«The human being deceives, but doesn’t give signals like Pinocchio» Mark Frank, a psychosociologist and director of the Communication Science Center at the University of Buffalo in New York, an internationally renowned expert in behavioral sciences and a member of the FBI’s behavioral unit, makes it clear that while in the fairy tale the character’s “nose” grows longer and the deception becomes evident, in reality, by interpreting body language, «we cannot distinguish truth from lies with one hundred percent accuracy».
Joe Navarro, a world expert in body language, nonverbal communication, former FBI agent, and supervisor, also confirms this. «Detecting a lie is not simple because human beings are good at lying. One of the most interesting stories involves Roderick James Ramsay, a spy convicted in 1992 for being involved in a spy ring that sold secrets about European defenses. It was one of the largest espionage investigations in FBI history. We didn’t know he was a spy, but when I went to talk to him – Navarro specifies – every time I mentioned a man who was arrested in Germany, the cigarette trembled in his hands, and there was no reason for him to be nervous. The repetition of this tremor every time I talked about that person led me to think that there was a connection between them, and this prompted me to investigate».
When a person speaks to us, we listen to their words and seek confirmation in their face, gaze, or gestures, which can communicate «signs of distress, anxiety, nervousness, and concern, but not deceit», because «there is no certain way to recognize lies through nonverbal communication. It is the science that tells us that we are not very good at identifying deception. These are the studies of Paul Ekman». The expert refers to the American psychologist, a pioneer in recognizing emotions, who developed in 1978, together with Wallace V. Friesen, the FACS (Facial Action Coding System), a system for coding facial expressions that analyzes every micro-expression of the human face. It is the power to grasp emotions by capturing facial expressions. By examining the facial muscle movements, a person can explore the emotional state of the observer.
«A woman, during an interrogation, was very nervous and instead of calming down, she became more agitated, biting her lips, touching her neck, and rubbing her forehead. I told her, ‘You seem very nervous,’ and then I asked her, ‘Is there something bothering you?’ I thought she wanted to confess something, but she replied, ‘When I parked, the parking time was limited. The minutes are passing, and I don’t want to get a fine.’ We had read the right signals, but the cause was not that she was guilty, but simply because she didn’t want to be penalized for illegal parking».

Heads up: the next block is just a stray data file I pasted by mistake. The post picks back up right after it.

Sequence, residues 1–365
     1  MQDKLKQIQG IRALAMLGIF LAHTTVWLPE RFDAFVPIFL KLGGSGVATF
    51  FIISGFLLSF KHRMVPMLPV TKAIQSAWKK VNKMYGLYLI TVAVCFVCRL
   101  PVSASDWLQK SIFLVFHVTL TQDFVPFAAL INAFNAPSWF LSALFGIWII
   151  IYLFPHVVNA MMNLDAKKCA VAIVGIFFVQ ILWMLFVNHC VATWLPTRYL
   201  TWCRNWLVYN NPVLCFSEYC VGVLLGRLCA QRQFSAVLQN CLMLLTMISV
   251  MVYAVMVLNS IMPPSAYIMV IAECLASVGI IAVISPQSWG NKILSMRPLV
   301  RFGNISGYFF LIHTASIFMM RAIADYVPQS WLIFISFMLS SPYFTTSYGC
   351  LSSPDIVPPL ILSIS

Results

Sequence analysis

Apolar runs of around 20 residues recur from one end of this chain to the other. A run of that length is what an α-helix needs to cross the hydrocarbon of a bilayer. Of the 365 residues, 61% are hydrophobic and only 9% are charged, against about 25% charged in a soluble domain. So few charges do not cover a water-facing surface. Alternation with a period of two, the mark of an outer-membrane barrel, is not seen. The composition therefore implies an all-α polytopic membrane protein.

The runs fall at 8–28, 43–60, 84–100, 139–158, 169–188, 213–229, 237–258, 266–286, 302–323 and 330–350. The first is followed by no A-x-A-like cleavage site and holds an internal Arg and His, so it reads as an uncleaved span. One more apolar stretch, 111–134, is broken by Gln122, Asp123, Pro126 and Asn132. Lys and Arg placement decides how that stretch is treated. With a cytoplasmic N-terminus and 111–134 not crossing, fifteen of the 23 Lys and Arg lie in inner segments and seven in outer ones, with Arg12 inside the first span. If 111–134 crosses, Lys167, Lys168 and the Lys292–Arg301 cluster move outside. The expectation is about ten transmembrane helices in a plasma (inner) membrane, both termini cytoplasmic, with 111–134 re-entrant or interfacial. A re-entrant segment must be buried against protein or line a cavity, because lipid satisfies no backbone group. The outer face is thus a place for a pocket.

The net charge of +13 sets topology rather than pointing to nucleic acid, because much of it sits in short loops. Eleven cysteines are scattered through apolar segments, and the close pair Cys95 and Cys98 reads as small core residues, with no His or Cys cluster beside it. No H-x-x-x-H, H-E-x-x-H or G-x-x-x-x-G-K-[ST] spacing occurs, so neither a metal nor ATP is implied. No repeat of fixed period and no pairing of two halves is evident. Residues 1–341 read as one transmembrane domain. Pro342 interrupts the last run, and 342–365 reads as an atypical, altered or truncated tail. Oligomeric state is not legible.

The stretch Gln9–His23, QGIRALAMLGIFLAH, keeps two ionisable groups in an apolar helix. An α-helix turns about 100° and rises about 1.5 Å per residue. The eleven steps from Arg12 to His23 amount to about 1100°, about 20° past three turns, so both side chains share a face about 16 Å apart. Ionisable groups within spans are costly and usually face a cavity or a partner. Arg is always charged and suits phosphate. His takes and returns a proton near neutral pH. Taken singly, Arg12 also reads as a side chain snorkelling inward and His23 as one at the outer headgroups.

When there is consistency between the words of the interlocutor and the signals their body sends, we can understand the other person. Frank continues by explaining that «some reading methods can identify deception with an estimation of eighty-five percent accuracy. Liars are less cooperative, tend to provide less relevant details about the crime, and behave inconsistently with their words. Con artists are the best at this because they provide an appearance, a kindness that makes people trust them. In our documentary ‘Inside the mind of a Con Artist,’ we found that if we didn’t know they were fraudsters, many of these individuals would have deceived us. In one case, a woman is interrogated by a police officer and claims to be stalked by someone who vandalized her house. Her behavior seemed honest, sincere, but she had severe and unusual reactions to skeptical questions, suggesting that she might have some dissociative disorder. It turned out she did».
Dissociation occurs when a person disconnects from their self, their personality, moves away from their identity, thoughts, emotions, and memories. For these reasons, «she had been under psychiatric care. So the woman was pretending to be stalked and had vandalized her own house».
Interpreting a gesture does not automatically become proof of guilt or innocence, as portrayed in the television series “Lie To Me”, where the protagonist, a psychologist and expert in nonverbal communication, always manages to tell when a person is lying. This is what emerges in Navarro’s concluding comment when he states that «it’s not like in the movies because we have to prove, whatever it is, whether it’s true or not. If someone tells us they were at the museum on Sunday, at the exhibition of Michelangelo’s David, we have to prove it, and we can’t do that by searching for deception».
Frank continues his analysis, highlighting a case that did not involve him directly but amazed him with its dynamics. It is the case of «Aldrich Ames who worked for the CIA» Ames, a former member of the intelligence agency, held roles in counterintelligence and analysis and was incriminated in 1994 for espionage in favor of the Soviet Union and Russia. «Ames passed the polygraph test, but other information suggested that something was wrong, even though the truth machine test appeared truthful». Deception, as philosophers also teach us, Frank concludes, «is anything that misleads us, whether deliberate or not, unlike lying, where the liar deliberately deceives without warning. A tiger that deceives its prey by blending with its environment did not choose its fur to deceive; evolution did. So it’s deception, but it’s not a conscious choice of the tiger. Even scientists studying animal behavior realize that they cannot definitively establish whether a baboon or a chimpanzee deliberately lies, but they can certainly deceive their peers».
In the case of animals, as well as humans, uncertainty can become certainty through investigation. «Because – as philosopher Pierre Abélard writes – through doubt, we are led to investigation, and through investigation, we arrive at the truth».